The use of each of these products has its own set of pros and cons to  consider with respect to achieving the business requirements and  satisfying the technical constraints of the client infrastructure.  Initially we considered relying on the use of OpenIDM to maintain the  unverified user accounts in the multi-step verification process. We  considered this approach as it appeared that it might be a good idea to  leave unverified user accounts only in the OpenIDM repository in order  to avoid creation of orphan accounts in the directory and to minimize  the management of related calls in OpenDJ. We also considered using  OpenDJ as the single point of storage for unverified accounts and thus  allow OpenAM to authenticate unverified users during the multi-step  registration to allow them to complete the process using only the OpenAM  toolset.

Our Decision. Utilizing the database storage system  contained in OpenIDM meant that we had to rely on bringing into the team  database expertise in support of redundancy of the data across  geographically dispersed data centres. We also would need to support the  use of the OpenIDM authentication process whereas we wanted to rely on  the OpenAM application as the authority for all authentication  processes. Taking into account our client’s business requirements, we  chose to use OpenAM as the only resource for authentication and hence to  store unverified accounts in OpenDJ. This utilizes OpenDJ’s highly  scalable and performant multi-master replication to keep separate  instances in sync.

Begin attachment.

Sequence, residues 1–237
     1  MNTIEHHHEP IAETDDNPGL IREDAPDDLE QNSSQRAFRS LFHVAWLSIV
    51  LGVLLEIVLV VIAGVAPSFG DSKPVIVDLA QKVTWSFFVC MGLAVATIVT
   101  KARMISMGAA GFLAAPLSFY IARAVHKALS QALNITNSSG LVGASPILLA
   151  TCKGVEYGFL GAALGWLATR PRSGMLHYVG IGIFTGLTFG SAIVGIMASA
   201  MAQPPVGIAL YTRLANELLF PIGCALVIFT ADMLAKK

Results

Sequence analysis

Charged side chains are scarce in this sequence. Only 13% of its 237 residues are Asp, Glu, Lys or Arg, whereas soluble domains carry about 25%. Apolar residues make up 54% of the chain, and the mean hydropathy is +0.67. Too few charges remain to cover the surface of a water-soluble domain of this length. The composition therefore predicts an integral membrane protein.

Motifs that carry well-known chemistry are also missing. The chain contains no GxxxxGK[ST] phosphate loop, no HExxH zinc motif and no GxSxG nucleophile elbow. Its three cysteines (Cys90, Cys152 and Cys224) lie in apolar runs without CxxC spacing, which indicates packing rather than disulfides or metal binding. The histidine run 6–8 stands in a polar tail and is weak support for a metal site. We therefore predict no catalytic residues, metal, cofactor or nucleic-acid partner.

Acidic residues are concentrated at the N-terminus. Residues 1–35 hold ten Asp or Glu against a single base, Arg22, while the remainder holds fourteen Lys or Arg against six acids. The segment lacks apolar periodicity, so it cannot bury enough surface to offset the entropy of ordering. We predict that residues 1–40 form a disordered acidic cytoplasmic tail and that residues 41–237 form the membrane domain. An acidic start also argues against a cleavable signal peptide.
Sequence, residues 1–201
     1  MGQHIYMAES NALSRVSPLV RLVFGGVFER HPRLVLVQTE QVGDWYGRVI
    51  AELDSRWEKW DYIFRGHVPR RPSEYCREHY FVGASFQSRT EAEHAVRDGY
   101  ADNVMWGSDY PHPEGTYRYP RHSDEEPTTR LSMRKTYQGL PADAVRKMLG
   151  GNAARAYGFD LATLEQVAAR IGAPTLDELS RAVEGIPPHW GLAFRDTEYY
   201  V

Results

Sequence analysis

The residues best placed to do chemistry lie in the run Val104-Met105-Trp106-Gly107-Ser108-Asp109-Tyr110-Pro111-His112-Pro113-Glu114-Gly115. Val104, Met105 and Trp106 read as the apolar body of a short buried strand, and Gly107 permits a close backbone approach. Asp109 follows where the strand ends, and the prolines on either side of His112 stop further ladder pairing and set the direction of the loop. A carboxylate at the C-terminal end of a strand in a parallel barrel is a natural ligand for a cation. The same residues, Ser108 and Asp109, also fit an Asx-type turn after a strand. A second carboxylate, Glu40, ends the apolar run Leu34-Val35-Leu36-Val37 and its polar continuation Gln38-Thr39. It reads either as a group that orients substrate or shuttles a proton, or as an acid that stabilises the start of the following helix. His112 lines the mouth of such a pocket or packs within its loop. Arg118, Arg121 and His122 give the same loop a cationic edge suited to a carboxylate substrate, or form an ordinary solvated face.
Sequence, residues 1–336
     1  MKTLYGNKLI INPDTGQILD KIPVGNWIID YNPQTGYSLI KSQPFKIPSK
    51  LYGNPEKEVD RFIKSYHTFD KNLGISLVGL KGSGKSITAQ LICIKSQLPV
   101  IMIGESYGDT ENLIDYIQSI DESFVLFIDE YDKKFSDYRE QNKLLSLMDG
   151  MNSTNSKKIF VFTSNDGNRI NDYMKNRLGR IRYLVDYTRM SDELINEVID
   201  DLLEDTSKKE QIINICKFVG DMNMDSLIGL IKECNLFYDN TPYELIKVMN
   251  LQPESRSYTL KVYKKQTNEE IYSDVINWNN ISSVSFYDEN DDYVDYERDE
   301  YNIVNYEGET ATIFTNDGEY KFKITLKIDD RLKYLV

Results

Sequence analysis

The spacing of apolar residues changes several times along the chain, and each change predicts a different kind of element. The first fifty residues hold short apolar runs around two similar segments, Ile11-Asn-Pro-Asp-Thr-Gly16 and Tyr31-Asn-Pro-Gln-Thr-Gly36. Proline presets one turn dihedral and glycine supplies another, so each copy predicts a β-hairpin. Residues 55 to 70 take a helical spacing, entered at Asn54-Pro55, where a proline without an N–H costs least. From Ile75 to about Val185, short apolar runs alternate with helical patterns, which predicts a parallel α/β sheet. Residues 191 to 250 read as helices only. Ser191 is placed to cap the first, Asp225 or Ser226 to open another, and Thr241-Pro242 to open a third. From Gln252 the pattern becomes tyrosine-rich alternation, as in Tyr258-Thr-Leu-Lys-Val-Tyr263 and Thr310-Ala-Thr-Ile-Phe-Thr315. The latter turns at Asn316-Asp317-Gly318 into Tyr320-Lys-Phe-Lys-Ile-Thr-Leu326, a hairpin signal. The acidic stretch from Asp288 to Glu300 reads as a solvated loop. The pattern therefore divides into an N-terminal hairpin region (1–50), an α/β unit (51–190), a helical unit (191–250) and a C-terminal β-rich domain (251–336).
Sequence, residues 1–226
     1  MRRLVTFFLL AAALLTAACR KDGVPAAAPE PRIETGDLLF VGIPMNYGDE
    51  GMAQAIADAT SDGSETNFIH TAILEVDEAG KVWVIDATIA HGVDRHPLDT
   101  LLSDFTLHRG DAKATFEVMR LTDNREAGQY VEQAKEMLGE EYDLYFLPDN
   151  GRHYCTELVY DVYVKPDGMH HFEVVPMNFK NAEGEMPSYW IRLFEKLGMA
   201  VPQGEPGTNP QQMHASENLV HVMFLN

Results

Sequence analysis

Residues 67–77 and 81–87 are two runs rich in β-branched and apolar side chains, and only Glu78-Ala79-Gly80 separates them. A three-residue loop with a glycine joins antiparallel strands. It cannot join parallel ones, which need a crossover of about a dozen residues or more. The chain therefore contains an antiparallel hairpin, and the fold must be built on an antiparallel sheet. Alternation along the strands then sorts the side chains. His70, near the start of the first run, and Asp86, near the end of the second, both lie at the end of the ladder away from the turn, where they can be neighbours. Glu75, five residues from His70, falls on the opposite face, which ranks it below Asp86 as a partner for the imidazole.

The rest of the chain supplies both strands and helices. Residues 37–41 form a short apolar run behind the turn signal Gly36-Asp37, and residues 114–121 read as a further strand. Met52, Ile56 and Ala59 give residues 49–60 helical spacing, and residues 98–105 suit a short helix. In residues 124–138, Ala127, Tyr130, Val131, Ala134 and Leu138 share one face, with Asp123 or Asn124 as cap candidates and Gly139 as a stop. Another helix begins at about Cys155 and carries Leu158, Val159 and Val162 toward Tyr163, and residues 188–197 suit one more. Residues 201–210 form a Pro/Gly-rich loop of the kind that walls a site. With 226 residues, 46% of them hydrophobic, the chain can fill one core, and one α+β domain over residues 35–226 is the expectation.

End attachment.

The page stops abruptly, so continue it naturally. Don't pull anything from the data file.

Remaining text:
Business Requirement Considerations

Registration form submission – Two-step vs one-step:

The two-step registration process followed this basic flow of: user  fills out the registration form, submits, receives an email confirmation  of registration, reads terms & conditions, confirms account  registration by clicking on verification link contained in the email.  This two-step process could introduce a complexity to the system in peak  volume registration moments such as during the case when User1 is  reading terms and conditions while User2 registers User1’s username and  completes the two-step registration just before User1. Different use  cases were proposed to handle this scenario which would either add  complexity to the UI code or add load to the IAM stack. We finally  decided to use a one-step registration that was based on a form that  contained Terms and Conditions and registration tombstone data and thus  avoid unnecessary complexity and this peak volume registration concern.